Big Business
Illustration by Raúl Allén

Big Tech and a canceled book

Q&A | A political philosopher discusses Amazon’s recent ban of his bestseller
by Megan Basham
Posted 3/11/21, 03:34 pm

A Harvard CAPS–Harris Poll released on March 1 revealed that 64 percent of Americans—including 48 percent of Democrats—believe cancel culture poses a threat to U.S. freedom. Amazon.com’s recent decision to deplatform Ryan T. Anderson’s 2018 bestseller When Harry Became Sally: Responding to the Transgender Moment (Encounter Books) is the sort of news likely contributing to those fears. The megaretailer purged the book from its main site, as well as subsidiaries Audible and AbeBooks, sometime around Feb. 21.

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From bad to worse

Business | Decades-old business attitudes were canaries in the cultural coal mine
by Joel Belz
Posted 2/25/21, 09:07 am

In the early days of WORLD Magazine we struggled to stay alive. We knew the lifeblood of most successful magazines was advertising revenue. We had learned that magazines like Time, People, and Better Homes & Gardens typically secured two-thirds of their revenue from ads, with loyal subscribers providing the rest.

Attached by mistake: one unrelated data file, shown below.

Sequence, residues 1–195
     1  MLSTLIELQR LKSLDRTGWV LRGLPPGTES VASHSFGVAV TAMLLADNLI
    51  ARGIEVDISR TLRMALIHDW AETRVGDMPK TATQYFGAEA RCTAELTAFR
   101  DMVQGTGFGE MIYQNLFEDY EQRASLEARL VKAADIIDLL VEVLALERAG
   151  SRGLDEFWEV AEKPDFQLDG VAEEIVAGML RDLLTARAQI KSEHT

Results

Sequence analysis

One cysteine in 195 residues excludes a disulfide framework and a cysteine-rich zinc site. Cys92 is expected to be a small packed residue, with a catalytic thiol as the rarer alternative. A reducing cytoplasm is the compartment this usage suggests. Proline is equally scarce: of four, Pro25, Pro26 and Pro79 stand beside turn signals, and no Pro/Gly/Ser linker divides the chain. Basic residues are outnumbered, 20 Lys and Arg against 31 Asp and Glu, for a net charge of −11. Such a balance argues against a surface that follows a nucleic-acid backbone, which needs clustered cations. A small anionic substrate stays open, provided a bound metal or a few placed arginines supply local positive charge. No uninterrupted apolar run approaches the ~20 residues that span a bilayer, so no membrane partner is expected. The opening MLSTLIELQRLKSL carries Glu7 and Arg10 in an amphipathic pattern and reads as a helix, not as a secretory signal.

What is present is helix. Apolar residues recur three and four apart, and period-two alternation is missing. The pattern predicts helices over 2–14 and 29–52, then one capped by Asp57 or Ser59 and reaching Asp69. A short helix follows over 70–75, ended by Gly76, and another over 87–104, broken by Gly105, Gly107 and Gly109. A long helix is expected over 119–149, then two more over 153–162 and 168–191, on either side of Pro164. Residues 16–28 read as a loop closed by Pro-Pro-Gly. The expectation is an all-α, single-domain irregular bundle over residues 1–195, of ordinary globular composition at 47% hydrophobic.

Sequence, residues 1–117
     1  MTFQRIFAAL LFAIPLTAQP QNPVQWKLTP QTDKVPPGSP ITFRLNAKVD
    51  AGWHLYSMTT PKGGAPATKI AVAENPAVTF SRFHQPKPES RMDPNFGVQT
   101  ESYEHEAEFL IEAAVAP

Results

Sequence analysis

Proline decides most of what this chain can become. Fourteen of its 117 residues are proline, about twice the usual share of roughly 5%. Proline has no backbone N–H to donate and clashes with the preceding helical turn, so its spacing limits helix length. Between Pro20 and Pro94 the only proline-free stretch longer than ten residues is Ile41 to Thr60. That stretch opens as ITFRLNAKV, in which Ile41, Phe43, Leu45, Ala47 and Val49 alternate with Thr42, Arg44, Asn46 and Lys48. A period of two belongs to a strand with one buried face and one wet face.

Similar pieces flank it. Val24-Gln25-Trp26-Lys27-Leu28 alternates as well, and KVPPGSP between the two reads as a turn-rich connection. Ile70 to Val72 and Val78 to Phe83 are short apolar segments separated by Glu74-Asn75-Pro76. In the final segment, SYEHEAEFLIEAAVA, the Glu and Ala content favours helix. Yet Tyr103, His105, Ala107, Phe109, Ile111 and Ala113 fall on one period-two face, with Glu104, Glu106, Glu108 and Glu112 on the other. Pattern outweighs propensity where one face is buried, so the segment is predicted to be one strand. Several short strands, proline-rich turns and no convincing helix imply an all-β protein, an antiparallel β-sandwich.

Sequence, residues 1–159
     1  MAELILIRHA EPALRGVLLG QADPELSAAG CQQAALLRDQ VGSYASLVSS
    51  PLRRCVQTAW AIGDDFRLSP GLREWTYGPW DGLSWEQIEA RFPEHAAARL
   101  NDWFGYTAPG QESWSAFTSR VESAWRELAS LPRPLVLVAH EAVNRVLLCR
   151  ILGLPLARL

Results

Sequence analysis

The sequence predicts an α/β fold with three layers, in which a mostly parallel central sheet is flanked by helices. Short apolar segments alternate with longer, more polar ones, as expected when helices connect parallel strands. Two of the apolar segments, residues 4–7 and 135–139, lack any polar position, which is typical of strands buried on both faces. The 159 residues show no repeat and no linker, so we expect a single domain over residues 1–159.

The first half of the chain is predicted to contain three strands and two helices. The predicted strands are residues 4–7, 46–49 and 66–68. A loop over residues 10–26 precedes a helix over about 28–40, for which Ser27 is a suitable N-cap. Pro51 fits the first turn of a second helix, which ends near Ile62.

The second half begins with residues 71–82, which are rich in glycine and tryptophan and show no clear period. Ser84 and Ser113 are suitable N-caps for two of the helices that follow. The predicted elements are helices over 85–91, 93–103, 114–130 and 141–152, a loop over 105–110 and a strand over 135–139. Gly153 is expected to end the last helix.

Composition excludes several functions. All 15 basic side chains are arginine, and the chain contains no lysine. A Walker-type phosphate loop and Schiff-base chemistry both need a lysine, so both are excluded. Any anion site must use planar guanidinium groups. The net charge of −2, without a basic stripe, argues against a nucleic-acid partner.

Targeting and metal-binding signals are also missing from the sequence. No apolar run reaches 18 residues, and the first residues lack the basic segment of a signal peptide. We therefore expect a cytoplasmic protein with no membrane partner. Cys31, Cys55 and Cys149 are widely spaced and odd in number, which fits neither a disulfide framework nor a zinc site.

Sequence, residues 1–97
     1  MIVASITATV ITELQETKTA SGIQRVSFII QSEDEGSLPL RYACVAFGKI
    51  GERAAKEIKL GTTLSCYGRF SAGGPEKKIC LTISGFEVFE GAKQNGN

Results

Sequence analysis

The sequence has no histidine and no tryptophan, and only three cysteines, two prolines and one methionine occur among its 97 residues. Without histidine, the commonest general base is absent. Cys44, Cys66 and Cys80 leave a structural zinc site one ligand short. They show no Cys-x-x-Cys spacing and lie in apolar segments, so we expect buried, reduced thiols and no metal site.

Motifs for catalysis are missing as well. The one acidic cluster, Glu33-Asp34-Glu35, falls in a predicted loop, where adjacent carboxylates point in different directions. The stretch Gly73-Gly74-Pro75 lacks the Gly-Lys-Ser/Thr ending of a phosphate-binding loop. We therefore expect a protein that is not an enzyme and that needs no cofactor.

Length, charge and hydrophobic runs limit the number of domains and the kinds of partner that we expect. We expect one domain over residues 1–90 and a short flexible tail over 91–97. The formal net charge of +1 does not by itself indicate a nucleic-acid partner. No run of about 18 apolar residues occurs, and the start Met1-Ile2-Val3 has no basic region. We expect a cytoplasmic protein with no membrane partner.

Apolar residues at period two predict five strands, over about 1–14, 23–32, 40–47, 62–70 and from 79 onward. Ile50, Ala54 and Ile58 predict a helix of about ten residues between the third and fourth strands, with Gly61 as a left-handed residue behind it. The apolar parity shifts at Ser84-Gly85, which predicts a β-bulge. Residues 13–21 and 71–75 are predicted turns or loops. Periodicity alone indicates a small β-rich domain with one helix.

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Jaap Arriens/Sipa USA/AP

Canceled and deplatformed

Technology | Will online conservative voices be silenced after right-wing groups stormed Capitol Hill?
by Juliana Chan Erikson
Posted 1/28/21, 08:02 am

After a Jan. 6 riot in Washington, D.C., left five people dead, major technology companies moved swiftly to cut connections with right-wing extremist groups and anyone deemed associated with them. Within days, Facebook, Twitter, Apple, and Google had suspended accounts linked to former President Donald Trump and the right-leaning social network Parler.

The post-riot purge raised the question: Would conservative voices be broadly silenced online? The answer depends on where you look.

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